FICTION

1. Where the Crawdads Sing, by Delia Owens. (Putnam) In a quiet town on the North Carolina coast in 1969, a young woman who survived alone in the marsh becomes a murder suspect.

2. American Dirt, by Jeanine Cummins. (Flatiron) A bookseller flees Mexico for the United States with her son while pursued by the head of a drug cartel.

3. The Boy From the Woods, by Harlan Coben. (Grand Central) When a girl goes missing, a private investigator’s feral childhood becomes an asset in the search.

4. Redhead by the Side of the Road, by Anne Tyler. (Knopf) Micah Mortimer’s orderly existence is thrown off kilter when his partner faces eviction and a teenager claims to be his son.

5. The Silent Patient, by Alex Michaelides. (Celadon) Theo Faber looks into the mystery of a famous painter who stops speaking after shooting her husband.

6. Valentine, by Elizabeth Wetmore. (Harper) A Texas town on the verge of an oil boom in 1976 becomes divided when a teenage girl is brutally attacked.

7. The Glass Hotel, by Emily St. John Mandel. (Knopf) Years after an international Ponzi scheme falls apart, one of its victims investigates the disappearance of a woman from a container ship.

8. The Book of Lost Friends, by Lisa Wingate. (Ballantine) The stories of three women struggling to get from Louisiana to Texas during Reconstruction are discovered by a first-year teacher living a century later.

9. The Giver of Stars, by Jojo Moyes. (Pamela Dorman/Viking) In Depression-era Kentucky, five women refuse to be cowed by men or convention as they deliver books.

10. Texas Outlaw, by James Patterson and Andrew Bourelle. (Little, Brown) A Texas Ranger goes to a small town to investigate whether an accidental death was actually a murder.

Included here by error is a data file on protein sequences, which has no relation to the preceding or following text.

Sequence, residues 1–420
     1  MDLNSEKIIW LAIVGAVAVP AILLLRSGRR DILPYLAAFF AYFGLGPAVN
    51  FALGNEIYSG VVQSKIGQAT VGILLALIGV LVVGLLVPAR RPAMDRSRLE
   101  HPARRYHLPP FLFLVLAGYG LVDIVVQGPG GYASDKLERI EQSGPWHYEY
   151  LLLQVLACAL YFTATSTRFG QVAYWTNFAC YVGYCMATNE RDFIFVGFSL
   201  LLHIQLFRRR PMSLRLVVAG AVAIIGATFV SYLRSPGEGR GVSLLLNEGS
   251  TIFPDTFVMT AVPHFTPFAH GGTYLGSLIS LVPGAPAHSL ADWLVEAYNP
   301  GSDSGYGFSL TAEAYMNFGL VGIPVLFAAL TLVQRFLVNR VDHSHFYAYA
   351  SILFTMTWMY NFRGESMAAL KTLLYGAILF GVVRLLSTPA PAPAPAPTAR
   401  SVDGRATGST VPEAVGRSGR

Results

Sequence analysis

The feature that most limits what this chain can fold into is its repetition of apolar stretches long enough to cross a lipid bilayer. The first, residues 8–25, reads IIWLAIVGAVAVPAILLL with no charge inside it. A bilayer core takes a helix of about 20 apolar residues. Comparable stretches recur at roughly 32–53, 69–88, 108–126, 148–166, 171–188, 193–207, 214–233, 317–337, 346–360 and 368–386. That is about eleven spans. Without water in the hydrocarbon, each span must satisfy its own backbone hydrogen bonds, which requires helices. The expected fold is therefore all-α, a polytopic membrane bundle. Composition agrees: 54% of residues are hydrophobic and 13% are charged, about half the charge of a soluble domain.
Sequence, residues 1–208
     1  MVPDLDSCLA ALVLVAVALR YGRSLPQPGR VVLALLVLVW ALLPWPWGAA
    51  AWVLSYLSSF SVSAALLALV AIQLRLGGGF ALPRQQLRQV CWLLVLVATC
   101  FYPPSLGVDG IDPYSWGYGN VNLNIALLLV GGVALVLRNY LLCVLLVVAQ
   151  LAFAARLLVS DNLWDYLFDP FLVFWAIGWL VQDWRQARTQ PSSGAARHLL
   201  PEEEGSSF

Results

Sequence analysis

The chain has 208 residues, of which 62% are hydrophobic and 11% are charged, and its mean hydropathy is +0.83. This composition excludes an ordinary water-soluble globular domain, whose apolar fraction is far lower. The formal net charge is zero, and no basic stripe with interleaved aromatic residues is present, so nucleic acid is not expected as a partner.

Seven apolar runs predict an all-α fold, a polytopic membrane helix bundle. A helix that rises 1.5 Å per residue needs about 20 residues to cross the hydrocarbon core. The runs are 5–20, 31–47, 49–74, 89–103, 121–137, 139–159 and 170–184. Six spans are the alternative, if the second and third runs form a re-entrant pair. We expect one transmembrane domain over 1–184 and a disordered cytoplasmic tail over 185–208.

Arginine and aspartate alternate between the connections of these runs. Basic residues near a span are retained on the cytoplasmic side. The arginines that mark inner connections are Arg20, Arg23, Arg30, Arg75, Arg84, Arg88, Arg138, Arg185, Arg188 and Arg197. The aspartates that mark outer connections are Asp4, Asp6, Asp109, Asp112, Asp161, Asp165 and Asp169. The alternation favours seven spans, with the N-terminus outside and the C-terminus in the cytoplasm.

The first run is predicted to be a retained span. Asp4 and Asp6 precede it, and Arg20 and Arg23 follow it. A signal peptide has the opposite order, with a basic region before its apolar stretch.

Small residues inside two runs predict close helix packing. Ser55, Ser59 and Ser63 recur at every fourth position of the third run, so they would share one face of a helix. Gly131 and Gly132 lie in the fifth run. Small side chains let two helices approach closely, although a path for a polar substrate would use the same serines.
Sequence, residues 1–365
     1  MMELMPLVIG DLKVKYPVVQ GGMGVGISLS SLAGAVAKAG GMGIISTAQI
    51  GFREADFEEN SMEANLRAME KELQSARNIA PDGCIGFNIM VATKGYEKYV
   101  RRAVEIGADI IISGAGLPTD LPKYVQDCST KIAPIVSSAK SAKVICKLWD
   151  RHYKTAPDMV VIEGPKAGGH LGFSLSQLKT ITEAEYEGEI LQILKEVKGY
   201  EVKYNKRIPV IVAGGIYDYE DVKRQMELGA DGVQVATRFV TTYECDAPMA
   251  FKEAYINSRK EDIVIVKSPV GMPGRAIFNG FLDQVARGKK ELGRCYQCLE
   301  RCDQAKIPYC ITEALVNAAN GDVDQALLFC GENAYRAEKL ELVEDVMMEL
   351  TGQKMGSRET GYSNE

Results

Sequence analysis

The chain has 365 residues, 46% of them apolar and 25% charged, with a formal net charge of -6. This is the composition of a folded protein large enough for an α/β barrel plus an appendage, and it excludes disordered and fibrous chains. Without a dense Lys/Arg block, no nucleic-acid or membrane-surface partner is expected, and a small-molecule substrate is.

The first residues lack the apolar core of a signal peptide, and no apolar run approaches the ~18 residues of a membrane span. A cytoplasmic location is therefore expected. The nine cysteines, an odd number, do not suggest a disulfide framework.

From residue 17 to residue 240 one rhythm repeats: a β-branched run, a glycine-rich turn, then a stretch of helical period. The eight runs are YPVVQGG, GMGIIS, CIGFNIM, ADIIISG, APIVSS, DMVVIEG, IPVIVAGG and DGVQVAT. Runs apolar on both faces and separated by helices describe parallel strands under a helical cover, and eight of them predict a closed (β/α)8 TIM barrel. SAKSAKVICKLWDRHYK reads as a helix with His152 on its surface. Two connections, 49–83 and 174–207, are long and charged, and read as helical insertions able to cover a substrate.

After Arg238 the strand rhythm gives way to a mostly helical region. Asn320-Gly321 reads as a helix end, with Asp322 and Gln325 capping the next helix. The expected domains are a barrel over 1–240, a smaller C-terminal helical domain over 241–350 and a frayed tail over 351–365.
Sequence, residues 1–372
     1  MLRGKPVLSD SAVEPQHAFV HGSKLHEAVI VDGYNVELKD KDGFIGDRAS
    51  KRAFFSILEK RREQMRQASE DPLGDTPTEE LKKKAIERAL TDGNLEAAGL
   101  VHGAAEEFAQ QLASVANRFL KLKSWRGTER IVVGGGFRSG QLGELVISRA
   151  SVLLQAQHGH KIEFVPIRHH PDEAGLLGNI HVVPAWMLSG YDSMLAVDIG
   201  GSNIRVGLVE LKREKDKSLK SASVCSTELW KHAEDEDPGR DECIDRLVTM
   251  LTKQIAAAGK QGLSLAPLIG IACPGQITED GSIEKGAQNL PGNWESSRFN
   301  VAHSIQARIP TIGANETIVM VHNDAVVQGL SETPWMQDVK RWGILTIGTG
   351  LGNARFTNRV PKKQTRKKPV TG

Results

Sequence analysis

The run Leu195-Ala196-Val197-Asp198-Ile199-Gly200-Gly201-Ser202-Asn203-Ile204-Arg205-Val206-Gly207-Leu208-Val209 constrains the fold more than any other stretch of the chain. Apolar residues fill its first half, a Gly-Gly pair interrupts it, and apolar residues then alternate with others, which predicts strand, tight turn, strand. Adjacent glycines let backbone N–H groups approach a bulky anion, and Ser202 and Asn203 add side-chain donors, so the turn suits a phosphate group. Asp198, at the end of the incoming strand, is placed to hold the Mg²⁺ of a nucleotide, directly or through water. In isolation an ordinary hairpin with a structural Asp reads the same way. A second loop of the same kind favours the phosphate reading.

NONFICTION

1. Untamed, by Glennon Doyle. (Dial) The activist and public speaker describes her journey of listening to her inner voice.

2. The Splendid and the Vile, by Erik Larson. (Crown) An examination of the leadership of Prime Minister Winston Churchill.

3. The Last Book on the Left, by Ben Kissel, Marcus Parks and Henry Zebrowski. (Houghton Mifflin Harcourt) A survey of serial killers from the creators of the Last Podcast on the Left.

4. Hidden Valley Road, by Robert Kolker. (Doubleday) From 1945 to 1965, a family in Colorado had 12 children, six of whom went on to develop schizophrenia.

5. Fortitude, by Dan Crenshaw. (Twelve) The Texas congressman and former Navy SEAL prescribes ways to overcome adversity.

6. The Mamba Mentality, by Kobe Bryant. (Melcher/MCD/Farrar, Straus & Giroux) Various skills and techniques used on the court by the late Los Angeles Lakers player.

7. Arguing With Socialists, by Glenn Beck. (Threshold Editions) The conservative commentator espouses free-market capitalism. (b)

8. Educated, by Tara Westover. (Random House) The daughter of survivalists, who is kept out of school, educates herself enough to leave home for university.

9. More Myself, by Alicia Keys with Michelle Burford. (Flatiron) The Grammy Award-winning musician retraces her path to discovering her own worth.

10. Front Row at the Trump Show, by Jonathan Karl. (Dutton) The ABC News chief White House correspondent gives his perspective on our current president and describes the shifts within their relationship.

Advice, How-To, Miscellaneous

1. Magnolia Table, Vol. 2, by Joanna Gaines. (Morrow)

2. The Boy, the Mole, the Fox and the Horse, by Charlie Mackesy. (HarperOne)

3. Magnolia Table, by Joanna Gaines with Marah Stets. (Morrow)

4. Joy at Work, by Marie Kondo and Scott Sonenshein. (Little, Brown Spark )

5. The Subtle Art of Not Giving a [Expletive], by Mark Manson. (Harper) (b)

 

Rankings reflect sales at venues nationwide for the week ending April 11. An (x) indicates that a book’s sales are barely distinguishable from those of the book above. A (b) indicates that some sellers report receiving bulk orders.